Huckabee questions McCain’s ability to ‘energize’ base

Former Arkansas Gov. Mike Huckabee, showing no signs of giving up in his quest for the GOP nomination, on Tuesday questioned presumptive nominee Sen. John McCain’s (Ariz.) ability to turn out conservatives in a general election.

Huckabee, who has repeatedly bested McCain in conservative, Southern states, said he is the candidate winning the “states that are essential to being elected as a Republican.”


“Republicans are not going to be elected because they carried Delaware, Connecticut, New York and California,” Huckabee said, referring to some of the states McCain has won. He added that the question is whether the Arizonan will be “able to energize the base of the party in a way that will get the foot soldiers out.”

In a wide-ranging discussion with reporters at a breakfast sponsored by The Christian Science Monitor, Huckabee encouraged reporters to “look a little deeper than just the number board.”

Despite the long mathematical odds Huckabee faces as he remains in the race against McCain, the former governor indicated Tuesday morning that he has no plans to withdraw anytime soon. Huckabee said he plans to start campaigning in Wisconsin, which holds its primary Feb. 19, on Wednesday.

Campaign manager Chip Saltsman said after the breakfast that Huckabee would campaign there for much of the week and then make a decision about how much more time to spend in the state.

Wisconsin, which holds an open primary, would seem to be an obvious place for McCain to continue his path to the nomination on the backs of independent voters.

But Huckabee said the state has a strong “pro-life” core of Republican voters. The former governor said his support of a constitutional amendment banning abortion – coupled with McCain’s opposition to such an amendment – and his opposition to embryonic stem cell research will help him with conservative Republican voters there.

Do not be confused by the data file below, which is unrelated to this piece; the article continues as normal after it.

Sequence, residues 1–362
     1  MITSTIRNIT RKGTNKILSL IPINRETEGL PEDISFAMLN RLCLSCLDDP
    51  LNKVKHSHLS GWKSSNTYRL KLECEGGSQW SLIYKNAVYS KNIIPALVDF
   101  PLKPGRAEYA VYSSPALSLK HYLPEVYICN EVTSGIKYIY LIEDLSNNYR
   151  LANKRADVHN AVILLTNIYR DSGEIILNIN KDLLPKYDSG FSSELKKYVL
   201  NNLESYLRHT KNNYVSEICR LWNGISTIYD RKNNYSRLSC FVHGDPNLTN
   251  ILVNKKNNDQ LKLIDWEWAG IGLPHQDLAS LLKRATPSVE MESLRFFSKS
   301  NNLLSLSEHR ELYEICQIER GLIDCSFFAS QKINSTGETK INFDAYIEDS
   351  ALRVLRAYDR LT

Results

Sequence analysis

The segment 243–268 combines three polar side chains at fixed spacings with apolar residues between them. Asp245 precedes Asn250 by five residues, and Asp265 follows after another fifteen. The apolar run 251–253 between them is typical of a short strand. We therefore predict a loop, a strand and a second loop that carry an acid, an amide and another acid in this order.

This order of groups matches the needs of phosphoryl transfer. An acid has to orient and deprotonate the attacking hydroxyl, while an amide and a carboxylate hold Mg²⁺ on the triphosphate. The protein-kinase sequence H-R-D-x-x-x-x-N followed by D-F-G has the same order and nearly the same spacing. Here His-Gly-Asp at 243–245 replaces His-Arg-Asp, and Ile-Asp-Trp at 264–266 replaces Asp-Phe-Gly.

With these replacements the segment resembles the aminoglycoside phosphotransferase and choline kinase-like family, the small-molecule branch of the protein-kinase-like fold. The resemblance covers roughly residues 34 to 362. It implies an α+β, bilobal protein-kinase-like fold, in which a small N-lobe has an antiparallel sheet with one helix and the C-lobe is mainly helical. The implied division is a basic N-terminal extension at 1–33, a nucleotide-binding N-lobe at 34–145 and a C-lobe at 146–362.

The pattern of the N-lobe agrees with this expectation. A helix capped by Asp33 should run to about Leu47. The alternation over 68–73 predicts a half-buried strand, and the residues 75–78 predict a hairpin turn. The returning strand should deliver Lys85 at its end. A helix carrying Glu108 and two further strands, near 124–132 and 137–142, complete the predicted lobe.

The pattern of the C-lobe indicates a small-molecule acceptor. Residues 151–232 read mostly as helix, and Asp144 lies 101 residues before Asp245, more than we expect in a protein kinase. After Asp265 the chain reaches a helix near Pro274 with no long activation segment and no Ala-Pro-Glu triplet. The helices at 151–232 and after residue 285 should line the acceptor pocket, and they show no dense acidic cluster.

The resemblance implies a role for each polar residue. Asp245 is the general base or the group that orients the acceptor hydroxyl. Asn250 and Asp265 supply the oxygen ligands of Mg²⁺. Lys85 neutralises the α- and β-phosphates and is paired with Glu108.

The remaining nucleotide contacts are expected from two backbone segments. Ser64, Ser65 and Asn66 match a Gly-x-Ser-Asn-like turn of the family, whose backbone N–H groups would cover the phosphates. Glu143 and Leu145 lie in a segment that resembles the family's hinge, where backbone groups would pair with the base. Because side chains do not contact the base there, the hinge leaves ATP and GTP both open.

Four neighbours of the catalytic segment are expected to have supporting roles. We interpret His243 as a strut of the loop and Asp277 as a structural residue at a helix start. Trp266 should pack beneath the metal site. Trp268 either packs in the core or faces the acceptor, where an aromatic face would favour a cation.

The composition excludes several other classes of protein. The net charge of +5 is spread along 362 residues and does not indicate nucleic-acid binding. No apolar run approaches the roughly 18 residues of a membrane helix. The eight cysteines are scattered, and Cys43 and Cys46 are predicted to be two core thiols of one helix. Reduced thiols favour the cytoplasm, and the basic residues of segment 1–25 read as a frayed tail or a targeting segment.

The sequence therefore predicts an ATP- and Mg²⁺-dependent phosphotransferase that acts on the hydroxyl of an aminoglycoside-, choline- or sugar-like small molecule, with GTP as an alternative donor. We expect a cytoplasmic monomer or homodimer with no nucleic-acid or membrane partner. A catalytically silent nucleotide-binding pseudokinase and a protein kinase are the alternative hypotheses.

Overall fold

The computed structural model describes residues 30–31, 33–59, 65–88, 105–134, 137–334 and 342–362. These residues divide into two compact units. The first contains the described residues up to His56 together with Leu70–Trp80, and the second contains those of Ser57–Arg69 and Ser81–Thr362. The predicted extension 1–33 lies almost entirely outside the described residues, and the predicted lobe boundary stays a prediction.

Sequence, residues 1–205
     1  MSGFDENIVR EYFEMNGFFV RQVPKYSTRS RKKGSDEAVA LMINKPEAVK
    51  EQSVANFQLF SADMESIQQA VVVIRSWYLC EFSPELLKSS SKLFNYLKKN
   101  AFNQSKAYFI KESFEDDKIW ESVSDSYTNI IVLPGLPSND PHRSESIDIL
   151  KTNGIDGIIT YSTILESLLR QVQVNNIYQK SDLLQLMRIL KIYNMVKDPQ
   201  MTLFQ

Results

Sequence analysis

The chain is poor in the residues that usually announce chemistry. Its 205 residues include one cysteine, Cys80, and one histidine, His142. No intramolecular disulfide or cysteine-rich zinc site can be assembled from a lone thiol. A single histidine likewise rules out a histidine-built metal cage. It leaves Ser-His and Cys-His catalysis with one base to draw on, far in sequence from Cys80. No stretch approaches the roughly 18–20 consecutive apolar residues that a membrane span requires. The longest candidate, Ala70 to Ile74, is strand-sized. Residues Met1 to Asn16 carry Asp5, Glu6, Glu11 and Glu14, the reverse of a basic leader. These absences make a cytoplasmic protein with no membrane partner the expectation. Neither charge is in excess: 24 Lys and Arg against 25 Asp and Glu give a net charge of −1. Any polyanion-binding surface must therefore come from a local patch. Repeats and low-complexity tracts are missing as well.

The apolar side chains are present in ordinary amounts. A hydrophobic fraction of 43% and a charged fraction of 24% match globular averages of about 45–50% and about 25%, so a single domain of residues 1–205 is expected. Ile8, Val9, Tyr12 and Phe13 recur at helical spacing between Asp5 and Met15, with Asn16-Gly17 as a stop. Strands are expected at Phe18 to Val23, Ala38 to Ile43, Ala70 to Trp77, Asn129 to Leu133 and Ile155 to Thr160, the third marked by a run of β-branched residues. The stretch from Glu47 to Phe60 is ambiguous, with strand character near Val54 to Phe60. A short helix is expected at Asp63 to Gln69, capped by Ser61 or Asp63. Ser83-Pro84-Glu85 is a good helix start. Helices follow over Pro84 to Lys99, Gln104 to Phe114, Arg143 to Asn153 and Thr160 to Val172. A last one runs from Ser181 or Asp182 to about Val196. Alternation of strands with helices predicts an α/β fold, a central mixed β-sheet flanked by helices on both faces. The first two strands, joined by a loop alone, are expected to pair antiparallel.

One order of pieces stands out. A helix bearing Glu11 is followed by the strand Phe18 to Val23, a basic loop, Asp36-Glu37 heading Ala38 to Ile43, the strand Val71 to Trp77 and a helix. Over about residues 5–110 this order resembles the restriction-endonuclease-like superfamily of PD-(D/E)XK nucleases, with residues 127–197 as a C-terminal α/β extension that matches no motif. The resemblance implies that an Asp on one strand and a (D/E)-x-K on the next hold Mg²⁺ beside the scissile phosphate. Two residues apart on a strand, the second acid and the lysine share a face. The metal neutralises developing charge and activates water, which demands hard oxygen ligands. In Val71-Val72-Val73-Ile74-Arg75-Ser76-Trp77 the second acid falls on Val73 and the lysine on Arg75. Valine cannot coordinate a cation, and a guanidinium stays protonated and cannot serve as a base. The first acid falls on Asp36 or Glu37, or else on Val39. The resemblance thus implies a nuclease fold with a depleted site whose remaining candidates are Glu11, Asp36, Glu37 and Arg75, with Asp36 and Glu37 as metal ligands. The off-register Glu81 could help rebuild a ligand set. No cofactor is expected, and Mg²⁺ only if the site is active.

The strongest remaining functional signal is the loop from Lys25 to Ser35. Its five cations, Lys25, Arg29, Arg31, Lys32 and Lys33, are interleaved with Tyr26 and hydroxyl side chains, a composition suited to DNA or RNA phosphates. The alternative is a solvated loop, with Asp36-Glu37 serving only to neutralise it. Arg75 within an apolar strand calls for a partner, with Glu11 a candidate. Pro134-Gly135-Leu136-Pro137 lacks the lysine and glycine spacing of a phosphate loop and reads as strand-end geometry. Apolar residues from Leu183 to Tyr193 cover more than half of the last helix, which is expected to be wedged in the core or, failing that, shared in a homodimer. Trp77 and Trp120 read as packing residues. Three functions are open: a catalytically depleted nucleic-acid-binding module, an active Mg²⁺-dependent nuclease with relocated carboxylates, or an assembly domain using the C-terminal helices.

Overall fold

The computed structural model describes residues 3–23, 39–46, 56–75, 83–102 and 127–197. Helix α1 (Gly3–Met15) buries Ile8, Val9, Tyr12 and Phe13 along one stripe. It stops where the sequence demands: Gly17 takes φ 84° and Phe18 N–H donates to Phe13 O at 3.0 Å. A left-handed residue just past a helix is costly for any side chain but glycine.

Huckabee also said his campaign planned to put a lot of effort into Texas, which is scheduled to hold its primary on March 4.

“Texas is very, very important to us,” Huckabee said, adding that he plans “to spend a great deal of time there between now and March 4.”

Despite the occasional attempt to distinguish himself from McCain on conservative issues, Huckabee continued to show an unwillingness to attack the senator.

That said, the former governor did question the long line of conservatives who have endorsed McCain in recent days, saying they are “people that had nothing nice to say about him, and now they’re suddenly standing on stage with their arm around him.”

Huckabee said he would never be the “establishment” candidate, but his supporters are not “me-too people.”

The former governor also sized up the current state of play in the Democratic contest, saying Sen. Barack Obama (D-Ill.), who is riding a wave of momentum, should have been taken more seriously from the beginning.

“People underestimated Barack Obama and his capacity to inspire,” Huckabee said. “Obama may present a difficult challenge [for Republicans] because he’s new and different,” he added.

“His weakness is he [has] never been tested.”

Huckabee said Sen. Hillary Rodham Clinton (D-N.Y.) has run into trouble in recent contests because she can be too wonkish, and not as inspirational, as a candidate.

“She does not have the personality of her husband. Very few people do,” Huckabee said.

Despite the nearly cemented conventional wisdom that Huckabee cannot win the GOP nomination, he declined to talk about what he might do if he fails in his quest.

The former governor did rule out a third party bid and a Senate run. There has been a great deal of speculation that Huckabee might challenge Sen. Mark Pryor (D-Ark.), and the filing deadline to do so is inching closer.

“There’s a greater chance that I would dye my hair green, cover my body with tattoos and go on a rock tour with Amy Winehouse,” Huckabee joked.

The only way Huckabee would discuss the future, other than talking about his ongoing campaign, was to say that he would “absolutely” push for the anti-abortion rights amendment to be included in the GOP platform at this summer’s convention.